One of thirteen children in a musical family in Lansing, North Carolina, Ola Wave Campbell (she changed her name to Ola Belle) became a prolific songwriter and performer. In 1986, she was awarded the National Heritage Fellowship by the National Endowment for the Arts for her banjo playing and singing.
Musical influences came from both sides of her family. Grandfather Alexander Campbell, a Primitive Baptist preacher, was “notorious” for playing his fiddle. Ola Belle’s father, Arthur Harrison Campbell, a schoolteacher and storekeeper, played fiddle, banjo, guitar and organ and organized a band with his brother Doc and sister Ellen. She learned her clawhammer banjo style from her Uncle Dockery Campbell before she was old enough to go to school, and later learned guitar and organ from her Aunt Ellen. Her Uncle Bob Ingraham, her mother’s cousin, conducted singing schools in the mountains, and Uncle Herb Osborne sang mining songs from the coalfields of West Virginia. From her grandmother and mother, she learned many of the traditional ballads and songs of the Appalachian region.
In 1934, the Campbells moved from Ashe County to southeastern Pennsylvania, then to Maryland. In the wake of the Depression, many people from Northwest North Carolina and Southwest Virginia were making similar moves in search of jobs and good farmland. Invited to join the North Carolina Ridge Runners, one of the first hillbilly bands in the Delaware-Maryland area, Ola Belle put her musical skills to work in 1936. The Ridge Runners were popular performers on live radio broadcasts and for dances and other social gatherings among Appalachian migrants in the region. Her brother Alex, who served in World War II, joined the band as guitarist after the war.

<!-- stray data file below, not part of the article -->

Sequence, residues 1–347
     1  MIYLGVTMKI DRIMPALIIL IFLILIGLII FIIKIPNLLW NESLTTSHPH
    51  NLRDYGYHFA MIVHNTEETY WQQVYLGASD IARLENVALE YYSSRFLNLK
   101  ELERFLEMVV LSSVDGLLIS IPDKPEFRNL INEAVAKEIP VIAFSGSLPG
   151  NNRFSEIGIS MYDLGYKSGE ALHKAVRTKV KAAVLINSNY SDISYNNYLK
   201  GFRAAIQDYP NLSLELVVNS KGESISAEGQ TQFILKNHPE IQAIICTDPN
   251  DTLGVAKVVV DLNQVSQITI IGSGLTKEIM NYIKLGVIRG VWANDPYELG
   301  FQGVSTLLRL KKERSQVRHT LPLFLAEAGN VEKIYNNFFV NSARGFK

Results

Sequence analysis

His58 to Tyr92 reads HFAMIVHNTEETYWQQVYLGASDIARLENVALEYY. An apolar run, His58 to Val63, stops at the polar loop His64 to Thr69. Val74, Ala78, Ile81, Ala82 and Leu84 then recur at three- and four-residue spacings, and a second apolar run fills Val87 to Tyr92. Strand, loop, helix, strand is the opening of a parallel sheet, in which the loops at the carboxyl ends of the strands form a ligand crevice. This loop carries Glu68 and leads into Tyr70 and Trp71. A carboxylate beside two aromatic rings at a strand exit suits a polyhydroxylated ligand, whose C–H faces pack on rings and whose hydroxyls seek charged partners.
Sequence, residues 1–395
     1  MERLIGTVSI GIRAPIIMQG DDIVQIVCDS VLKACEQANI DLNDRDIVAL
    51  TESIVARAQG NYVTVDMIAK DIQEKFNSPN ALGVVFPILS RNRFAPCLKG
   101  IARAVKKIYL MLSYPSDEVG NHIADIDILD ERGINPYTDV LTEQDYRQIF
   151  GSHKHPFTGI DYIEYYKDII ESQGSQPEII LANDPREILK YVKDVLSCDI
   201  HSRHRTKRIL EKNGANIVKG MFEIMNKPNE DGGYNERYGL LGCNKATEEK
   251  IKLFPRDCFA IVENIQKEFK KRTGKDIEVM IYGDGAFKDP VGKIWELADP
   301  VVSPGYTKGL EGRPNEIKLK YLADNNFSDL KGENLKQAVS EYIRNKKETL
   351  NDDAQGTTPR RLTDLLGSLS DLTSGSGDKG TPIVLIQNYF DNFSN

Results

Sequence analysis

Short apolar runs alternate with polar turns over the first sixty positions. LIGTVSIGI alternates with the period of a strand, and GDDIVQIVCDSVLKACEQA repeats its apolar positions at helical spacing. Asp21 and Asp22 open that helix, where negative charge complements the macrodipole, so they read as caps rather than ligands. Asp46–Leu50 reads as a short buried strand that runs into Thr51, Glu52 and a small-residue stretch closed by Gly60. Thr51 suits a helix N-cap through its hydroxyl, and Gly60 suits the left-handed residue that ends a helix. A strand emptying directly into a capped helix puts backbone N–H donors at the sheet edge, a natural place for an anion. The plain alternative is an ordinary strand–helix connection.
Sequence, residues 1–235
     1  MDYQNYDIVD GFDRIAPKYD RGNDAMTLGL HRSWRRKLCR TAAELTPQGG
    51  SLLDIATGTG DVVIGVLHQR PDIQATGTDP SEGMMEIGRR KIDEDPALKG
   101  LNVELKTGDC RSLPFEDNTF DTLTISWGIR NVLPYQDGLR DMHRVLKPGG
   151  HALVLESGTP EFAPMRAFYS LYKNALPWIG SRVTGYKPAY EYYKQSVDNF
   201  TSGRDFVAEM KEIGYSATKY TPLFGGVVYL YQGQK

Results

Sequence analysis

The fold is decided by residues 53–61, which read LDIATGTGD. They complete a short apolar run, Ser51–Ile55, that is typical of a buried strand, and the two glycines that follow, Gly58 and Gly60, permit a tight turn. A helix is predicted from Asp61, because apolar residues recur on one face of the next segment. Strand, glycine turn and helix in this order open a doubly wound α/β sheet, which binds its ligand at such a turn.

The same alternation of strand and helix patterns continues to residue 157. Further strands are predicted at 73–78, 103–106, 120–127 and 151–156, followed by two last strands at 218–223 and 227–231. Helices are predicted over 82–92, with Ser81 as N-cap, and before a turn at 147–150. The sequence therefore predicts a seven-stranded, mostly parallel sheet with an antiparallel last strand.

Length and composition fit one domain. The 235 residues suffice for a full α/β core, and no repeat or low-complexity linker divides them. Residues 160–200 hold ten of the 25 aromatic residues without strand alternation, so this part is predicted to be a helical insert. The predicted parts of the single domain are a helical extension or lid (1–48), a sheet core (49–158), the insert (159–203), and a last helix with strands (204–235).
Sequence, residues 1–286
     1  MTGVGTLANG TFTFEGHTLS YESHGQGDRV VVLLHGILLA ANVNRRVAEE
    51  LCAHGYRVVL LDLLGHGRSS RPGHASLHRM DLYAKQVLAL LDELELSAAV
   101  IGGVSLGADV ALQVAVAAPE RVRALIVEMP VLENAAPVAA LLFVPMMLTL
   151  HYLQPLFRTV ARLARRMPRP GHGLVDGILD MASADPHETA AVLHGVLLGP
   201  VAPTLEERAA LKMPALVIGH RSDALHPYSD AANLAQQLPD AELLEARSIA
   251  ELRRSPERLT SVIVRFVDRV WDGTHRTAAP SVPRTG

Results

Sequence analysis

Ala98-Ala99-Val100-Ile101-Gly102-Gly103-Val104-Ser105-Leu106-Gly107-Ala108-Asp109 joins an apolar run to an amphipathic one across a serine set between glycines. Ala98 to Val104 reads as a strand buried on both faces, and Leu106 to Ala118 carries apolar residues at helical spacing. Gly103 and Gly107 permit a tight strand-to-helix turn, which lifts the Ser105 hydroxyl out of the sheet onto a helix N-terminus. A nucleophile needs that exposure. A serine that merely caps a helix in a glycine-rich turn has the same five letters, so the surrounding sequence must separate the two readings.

Ola Belle’s marriage to Ralph “Bud” Reed in 1949 brought another musician into the family. Together they made ends meet doing various kinds of work, along with their music and raising two boys. During that time, Ola Belle and Alex began what became a long and influential career in radio broadcasting. Their group, New River Boys and Girls, performed in the area for nearly 30 years. Alex and Ola Belle also opened the New River Ranch music park in 1951, which featured performances by bluegrass and country stars for seven years. In 1969, Ola Belle, Bud, and their son David began performing together regularly, returning Ola Belle to a family band setting where her music flourished.
Ola Belle Reed was a featured performer at the 1972 Smithsonian Folk Festival in Washington, DC, and she recorded 75 songs for the Library of Congress. Several of her compositions, including “High on a Mountain,” and the autobiographical “I’ve Endured,” have been widely recorded and performed. Since 2006, the Ola Belle Reed Homecoming Festival has been held in Lansing in honor of Ola Belle and the Campbell family.